Countless artists pour their hearts and souls into making the "next big record". A precious few sell millions, some have maintained a comfortably small fan base, and others never rise from obscurity. But all are susceptible to one possible dubious fate: The shelf of your local thrift store. These poor unwanted remnants of the past grace the shelves of your Goodwills, your Salvation Armys, your local mom & pop shop, waiting to be rediscovered... to be loved once again.

Over my years of thrift store scouring, I gradually began to notice certain discs and records that repeatedly reveal themselves on nearly every visit to any location. It left me wondering: Why are these select albums so often discarded, what led them to this point, and will the recognition and love for them ever be renewed once again? Now I can confidently answer YES. I bestow unto you, an appreciation for all discs left behind: "Thrift Store Albums."

Thursday, August 7, 2014

Jewel: Pieces of You

Many of us can thank Jewel that we never throw our wet towels on the floor anymore. But whether you take her domestic advice to heart, there's no denying that Alaskan-raised Jewel Kilcher's debut 1995 album was a surprise smash hit, buoyed by it's bouncy, coffee-shop friendly, yet oddly offbeat opening track, "Who Will Save Your Soul."

Swinging between wispy speak-singing and kermit the frog-like throaty balladeering, these tunes would feel right at home in front of Ross and Rachel at the "Central Perk". Yet, just as you're stepping comfortably into the water, we're thrown for a loop on the second track with a live recording (we discover upon hearing applause at the end) of the title track, which asks, "You say he's a faggot... do you hate him, 'cuz he's pieces of you?" Woah. Guess this is more than eggs, pancakes, and maple syrup. (See "You Were Meant for Me")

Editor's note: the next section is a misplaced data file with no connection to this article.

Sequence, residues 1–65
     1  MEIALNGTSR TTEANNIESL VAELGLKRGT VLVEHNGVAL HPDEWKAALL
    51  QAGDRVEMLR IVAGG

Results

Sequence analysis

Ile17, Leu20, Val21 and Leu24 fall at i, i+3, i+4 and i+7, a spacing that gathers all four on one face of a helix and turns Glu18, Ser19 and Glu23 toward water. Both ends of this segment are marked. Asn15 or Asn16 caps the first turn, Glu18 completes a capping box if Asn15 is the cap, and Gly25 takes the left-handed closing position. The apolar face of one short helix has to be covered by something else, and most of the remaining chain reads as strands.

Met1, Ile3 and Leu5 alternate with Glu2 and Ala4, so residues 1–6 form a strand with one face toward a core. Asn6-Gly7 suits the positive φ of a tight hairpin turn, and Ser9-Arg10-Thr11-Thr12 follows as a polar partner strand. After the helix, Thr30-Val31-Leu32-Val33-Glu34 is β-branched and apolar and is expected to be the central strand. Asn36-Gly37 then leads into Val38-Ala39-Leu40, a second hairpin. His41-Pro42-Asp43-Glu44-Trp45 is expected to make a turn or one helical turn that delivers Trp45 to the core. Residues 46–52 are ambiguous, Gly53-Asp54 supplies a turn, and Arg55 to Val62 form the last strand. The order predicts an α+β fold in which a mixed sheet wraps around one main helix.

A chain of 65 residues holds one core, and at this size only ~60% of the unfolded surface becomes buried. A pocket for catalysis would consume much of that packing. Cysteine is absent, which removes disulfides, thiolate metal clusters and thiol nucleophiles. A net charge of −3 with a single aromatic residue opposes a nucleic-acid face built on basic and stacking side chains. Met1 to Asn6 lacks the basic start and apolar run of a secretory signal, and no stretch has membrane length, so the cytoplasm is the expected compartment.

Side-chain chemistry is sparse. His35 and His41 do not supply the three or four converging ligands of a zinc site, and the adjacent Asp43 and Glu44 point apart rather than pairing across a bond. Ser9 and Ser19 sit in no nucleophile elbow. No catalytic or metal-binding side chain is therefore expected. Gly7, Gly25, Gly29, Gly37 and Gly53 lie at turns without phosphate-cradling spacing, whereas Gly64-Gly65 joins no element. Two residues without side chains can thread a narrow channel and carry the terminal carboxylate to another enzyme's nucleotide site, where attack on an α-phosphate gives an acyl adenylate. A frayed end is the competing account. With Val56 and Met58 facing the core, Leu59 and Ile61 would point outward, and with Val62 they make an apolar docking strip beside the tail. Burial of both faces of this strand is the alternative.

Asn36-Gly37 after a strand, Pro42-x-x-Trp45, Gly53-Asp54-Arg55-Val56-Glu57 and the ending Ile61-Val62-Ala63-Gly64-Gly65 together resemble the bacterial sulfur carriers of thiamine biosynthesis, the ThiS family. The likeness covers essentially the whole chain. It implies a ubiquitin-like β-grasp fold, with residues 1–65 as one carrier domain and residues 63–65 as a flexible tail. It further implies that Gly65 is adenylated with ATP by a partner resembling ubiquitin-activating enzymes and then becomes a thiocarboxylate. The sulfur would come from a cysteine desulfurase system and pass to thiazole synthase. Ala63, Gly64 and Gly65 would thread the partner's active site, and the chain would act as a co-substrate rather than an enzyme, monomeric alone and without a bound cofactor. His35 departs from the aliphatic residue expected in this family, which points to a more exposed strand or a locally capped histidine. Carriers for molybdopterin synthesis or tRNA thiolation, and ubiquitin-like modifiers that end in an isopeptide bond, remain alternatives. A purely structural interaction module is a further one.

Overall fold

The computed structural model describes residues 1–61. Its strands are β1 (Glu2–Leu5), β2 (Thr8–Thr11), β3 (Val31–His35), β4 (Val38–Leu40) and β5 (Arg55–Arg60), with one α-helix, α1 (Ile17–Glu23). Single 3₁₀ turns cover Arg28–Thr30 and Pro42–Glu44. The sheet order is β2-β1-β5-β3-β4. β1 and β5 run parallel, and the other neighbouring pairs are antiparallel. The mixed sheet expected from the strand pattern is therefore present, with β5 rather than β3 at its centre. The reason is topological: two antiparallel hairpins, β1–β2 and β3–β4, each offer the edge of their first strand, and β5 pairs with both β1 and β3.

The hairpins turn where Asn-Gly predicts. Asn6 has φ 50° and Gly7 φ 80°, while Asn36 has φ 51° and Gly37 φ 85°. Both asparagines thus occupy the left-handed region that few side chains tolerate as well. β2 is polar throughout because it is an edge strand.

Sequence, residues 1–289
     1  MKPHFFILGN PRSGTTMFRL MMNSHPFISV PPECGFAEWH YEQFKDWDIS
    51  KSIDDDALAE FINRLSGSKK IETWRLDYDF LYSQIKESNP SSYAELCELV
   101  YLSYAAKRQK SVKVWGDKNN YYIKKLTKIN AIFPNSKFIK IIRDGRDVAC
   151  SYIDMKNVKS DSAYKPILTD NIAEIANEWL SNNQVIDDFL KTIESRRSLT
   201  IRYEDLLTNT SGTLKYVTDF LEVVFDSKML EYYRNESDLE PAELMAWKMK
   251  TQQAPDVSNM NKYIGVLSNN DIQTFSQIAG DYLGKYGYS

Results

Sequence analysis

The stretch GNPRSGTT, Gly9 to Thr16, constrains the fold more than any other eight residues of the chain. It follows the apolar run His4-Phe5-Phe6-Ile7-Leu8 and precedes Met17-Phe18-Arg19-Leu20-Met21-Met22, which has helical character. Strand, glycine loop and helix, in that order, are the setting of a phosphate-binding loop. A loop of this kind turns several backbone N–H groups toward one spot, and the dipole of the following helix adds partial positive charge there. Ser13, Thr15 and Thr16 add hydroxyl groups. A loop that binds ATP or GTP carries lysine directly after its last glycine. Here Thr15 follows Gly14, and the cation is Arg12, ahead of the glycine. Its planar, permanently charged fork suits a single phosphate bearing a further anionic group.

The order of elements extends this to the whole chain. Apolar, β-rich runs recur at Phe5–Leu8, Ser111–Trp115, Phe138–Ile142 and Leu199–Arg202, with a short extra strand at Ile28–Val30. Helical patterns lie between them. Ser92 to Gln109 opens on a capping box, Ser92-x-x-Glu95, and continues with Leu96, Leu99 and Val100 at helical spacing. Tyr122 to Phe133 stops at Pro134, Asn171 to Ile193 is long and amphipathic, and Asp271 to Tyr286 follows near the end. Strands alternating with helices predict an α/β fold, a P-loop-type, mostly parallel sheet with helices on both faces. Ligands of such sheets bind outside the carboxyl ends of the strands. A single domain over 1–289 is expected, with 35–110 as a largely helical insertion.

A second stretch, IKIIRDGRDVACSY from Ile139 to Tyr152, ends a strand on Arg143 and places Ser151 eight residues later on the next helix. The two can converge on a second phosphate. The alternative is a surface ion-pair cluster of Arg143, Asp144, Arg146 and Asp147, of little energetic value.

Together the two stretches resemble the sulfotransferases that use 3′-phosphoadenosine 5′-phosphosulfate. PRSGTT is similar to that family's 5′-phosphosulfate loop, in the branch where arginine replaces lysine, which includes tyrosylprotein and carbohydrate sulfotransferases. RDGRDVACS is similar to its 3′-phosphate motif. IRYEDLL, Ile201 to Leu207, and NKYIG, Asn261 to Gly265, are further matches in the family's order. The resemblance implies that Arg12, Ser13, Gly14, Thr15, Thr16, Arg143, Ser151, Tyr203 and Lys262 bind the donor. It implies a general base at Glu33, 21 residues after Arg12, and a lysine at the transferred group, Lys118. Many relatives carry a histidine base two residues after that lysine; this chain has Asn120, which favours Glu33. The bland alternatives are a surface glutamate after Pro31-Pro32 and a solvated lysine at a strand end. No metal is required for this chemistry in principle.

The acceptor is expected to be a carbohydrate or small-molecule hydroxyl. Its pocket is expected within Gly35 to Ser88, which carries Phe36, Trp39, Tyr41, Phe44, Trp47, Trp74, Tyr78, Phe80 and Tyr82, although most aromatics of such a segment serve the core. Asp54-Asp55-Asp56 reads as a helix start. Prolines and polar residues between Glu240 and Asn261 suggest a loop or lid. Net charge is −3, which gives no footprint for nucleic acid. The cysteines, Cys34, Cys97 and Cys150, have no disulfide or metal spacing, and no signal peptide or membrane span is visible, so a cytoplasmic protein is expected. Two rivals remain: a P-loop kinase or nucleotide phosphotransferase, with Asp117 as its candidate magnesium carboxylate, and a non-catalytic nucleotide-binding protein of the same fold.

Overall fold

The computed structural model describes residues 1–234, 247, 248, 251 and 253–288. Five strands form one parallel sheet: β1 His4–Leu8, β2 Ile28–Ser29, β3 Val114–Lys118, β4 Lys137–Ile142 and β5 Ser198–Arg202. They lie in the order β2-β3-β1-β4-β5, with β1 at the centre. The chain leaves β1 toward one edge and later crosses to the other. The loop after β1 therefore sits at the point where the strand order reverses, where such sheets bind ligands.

Not just a guitar plucker, Jewel also unleashed the decidedly still goddam heart-wrenching, "Foolish Games", highlighted by that piano intro that every budding keyboard player just had to learn how to plunk out. The rest is filled with passable, reverb soaked, uncommonly minimal and slightly-baby-voiced acoustic folk numbers.

Despite a comfortably consistent career since, Jewel's album sales would never reach near the stunning (and likely unreachable) 12x platinum levels of her debut. And with so many copies in circulation in the nearly 20-years since, it's not entirely surprising that this fine little piece of middle-aged daytime mix radio-friendly fare ended up on so many thrift store shelves. It's aged shockingly well. That opening bass line is still as groovy as it ever was, and although I picture her cringing listening back on her perhaps amateurish vocal theatrics, there's an undeniably unique charm that brings an innocent character to the decidedly heavy (at times a bit heavy-handed) themes.

If nothing else, cue up "You Were Meant For Me" at random for your significant-other, and tell me their eyes don't light up with warm nostalgia. It was just the right touch of anti-diva folk-fare at just the right time, and sometimes timing makes all the difference.

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